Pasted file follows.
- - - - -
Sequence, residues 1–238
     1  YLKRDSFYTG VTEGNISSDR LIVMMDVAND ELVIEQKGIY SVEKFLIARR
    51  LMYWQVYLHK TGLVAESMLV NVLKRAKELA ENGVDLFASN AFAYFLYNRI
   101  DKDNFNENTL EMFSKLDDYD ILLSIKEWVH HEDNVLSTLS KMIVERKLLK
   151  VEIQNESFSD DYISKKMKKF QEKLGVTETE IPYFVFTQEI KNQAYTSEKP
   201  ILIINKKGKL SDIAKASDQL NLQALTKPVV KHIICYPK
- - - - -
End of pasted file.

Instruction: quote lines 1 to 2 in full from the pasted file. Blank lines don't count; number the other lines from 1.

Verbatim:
Sequence, residues 1–238
     1  YLKRDSFYTG VTEGNISSDR LIVMMDVAND ELVIEQKGIY SVEKFLIARR